In 2018, New Jersey Governor Phil Murphy announced that gun manufacturers would be listed in monthly reports showing the source for every “crime gun” recovered by police in the state.
Murphy said months after signing the executive order that he hoped “bringing light to this topic” would spur gun manufacturers to “act responsibly and work with us to stop weapons they make from ending up in the hands of dangerous criminals.”
State data show that more than 80% of the guns used in crimes in New Jersey came from outside of the state, with Smith & Wesson firearms among the heaviest-trafficked firearms into the state. According to the latest report, 48 Smith & Wesson-brand firearms were used in crimes in the state, the leader among all gun manufacturers.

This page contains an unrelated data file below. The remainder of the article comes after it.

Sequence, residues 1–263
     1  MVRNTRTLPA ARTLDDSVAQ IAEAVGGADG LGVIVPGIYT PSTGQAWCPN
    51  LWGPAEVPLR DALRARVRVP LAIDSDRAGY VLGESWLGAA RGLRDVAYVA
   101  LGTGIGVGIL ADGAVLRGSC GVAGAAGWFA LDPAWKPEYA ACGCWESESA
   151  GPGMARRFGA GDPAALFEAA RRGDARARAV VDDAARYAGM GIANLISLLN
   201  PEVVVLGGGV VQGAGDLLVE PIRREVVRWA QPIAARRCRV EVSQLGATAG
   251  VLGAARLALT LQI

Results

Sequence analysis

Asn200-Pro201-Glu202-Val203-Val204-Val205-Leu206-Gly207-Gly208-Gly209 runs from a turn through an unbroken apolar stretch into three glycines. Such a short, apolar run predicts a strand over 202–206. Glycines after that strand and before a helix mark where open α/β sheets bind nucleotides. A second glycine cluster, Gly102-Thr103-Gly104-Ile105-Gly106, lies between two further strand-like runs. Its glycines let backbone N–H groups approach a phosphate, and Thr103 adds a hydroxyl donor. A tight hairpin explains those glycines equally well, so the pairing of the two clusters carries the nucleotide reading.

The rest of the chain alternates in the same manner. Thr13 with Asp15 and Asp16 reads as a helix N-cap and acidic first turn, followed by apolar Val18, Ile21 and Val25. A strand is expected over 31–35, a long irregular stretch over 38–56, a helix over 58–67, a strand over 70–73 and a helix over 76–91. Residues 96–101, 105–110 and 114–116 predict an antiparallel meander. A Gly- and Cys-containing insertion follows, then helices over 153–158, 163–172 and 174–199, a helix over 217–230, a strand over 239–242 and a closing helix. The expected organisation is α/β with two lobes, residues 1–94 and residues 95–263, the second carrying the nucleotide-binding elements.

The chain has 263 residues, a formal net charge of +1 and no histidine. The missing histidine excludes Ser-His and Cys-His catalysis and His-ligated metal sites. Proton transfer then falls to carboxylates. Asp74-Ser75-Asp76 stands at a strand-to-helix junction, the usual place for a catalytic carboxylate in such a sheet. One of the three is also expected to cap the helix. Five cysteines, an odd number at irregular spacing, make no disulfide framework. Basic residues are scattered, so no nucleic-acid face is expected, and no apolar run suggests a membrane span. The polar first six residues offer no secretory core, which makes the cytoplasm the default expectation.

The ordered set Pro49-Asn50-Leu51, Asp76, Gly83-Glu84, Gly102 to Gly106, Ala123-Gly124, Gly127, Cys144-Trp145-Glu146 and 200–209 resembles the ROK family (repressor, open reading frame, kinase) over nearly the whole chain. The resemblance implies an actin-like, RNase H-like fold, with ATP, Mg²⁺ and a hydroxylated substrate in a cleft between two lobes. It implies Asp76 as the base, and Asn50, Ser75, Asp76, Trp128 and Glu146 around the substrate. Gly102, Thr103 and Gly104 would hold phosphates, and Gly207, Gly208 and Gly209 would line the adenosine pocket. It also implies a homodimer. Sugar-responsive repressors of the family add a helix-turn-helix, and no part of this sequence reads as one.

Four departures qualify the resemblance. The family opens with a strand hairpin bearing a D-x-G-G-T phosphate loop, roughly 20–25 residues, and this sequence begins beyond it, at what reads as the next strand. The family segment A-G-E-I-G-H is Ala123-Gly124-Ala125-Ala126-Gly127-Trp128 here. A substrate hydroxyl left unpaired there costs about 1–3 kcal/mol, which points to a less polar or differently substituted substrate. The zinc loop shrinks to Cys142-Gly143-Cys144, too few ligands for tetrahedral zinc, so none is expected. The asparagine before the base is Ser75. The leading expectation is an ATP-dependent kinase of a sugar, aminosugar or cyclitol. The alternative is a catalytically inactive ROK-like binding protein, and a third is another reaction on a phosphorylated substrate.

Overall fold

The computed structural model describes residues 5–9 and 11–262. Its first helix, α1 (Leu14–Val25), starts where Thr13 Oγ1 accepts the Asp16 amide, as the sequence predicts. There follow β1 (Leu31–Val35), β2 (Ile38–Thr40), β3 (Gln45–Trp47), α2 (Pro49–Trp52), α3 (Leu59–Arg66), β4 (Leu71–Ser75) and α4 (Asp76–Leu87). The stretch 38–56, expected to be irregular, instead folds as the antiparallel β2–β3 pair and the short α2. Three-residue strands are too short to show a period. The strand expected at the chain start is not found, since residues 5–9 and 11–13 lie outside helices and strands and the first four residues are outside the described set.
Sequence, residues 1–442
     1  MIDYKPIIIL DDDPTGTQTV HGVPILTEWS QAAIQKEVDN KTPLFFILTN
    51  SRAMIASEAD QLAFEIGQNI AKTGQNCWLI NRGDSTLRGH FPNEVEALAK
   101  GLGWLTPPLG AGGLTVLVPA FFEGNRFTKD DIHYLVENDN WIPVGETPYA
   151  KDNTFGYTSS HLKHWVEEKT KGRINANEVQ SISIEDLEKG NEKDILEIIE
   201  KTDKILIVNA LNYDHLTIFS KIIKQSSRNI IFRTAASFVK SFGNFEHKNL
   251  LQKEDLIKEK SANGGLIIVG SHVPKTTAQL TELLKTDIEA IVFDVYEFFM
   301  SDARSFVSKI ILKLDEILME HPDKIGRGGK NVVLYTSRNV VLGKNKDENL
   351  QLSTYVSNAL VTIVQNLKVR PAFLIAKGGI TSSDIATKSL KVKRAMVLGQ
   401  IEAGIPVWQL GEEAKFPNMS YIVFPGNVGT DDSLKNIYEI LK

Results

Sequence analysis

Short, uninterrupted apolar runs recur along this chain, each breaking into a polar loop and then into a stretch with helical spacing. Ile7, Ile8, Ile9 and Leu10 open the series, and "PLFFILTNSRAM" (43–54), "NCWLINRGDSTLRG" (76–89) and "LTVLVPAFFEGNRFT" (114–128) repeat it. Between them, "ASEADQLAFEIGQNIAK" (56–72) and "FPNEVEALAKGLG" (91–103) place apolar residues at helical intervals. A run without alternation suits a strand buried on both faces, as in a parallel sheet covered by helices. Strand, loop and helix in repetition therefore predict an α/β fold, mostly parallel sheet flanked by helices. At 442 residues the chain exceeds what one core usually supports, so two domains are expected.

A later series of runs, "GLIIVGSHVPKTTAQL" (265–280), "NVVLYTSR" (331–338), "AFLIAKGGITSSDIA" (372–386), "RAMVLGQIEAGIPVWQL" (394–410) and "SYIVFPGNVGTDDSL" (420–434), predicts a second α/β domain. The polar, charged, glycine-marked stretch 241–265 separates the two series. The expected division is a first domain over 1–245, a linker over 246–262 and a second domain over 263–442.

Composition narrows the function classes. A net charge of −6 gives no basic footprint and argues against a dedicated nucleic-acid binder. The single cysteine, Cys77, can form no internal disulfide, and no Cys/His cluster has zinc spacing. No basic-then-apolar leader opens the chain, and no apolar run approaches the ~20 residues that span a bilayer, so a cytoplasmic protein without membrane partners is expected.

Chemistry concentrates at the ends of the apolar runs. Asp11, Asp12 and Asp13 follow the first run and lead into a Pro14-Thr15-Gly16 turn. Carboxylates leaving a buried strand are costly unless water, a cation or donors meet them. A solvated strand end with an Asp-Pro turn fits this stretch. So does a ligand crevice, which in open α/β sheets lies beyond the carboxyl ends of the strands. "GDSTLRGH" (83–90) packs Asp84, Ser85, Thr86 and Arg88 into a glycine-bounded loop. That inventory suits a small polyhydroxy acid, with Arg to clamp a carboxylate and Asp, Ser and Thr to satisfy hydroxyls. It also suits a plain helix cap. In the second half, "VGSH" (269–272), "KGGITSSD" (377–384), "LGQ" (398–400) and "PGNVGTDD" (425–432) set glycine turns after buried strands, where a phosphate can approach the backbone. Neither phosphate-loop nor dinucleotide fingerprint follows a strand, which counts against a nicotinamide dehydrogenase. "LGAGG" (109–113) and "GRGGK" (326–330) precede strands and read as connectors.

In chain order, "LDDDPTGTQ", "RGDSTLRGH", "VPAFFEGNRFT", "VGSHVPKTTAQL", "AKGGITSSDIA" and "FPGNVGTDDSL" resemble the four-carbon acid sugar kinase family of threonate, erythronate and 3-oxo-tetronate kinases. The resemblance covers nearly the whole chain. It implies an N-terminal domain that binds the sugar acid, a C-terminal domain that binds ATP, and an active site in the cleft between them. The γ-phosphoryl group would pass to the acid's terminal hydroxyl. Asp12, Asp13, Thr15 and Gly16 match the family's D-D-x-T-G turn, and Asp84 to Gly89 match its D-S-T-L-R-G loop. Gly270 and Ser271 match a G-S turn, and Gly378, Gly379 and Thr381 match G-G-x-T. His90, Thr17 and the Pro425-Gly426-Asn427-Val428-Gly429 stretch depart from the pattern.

Do they also so voraciously go after alcohol companies, I wonder? Is every death or injury listed by brand, when they know? Does Jack Daniels or Coors get an email from Jew Jersey stating their product resulted in XX many deaths and YY many injuries last month and that they should do more to make sure alcohol doesn’t make it into the hands of dangerous drivers and abusers?
Criminal misuse of a product or use outside its intended lawful purposes is not the fault of the company who built the product. The only time you can claim otherwise would be by building a case that the product is actually intended for other uses than those described, like the recent case a against a ‘wall hanger’ manufacturer where one of the two components acted as a drop in auto-sear for an AR-15.
Good on S&W, bring them down a notch back to the land of reasonable assertions.
View original Post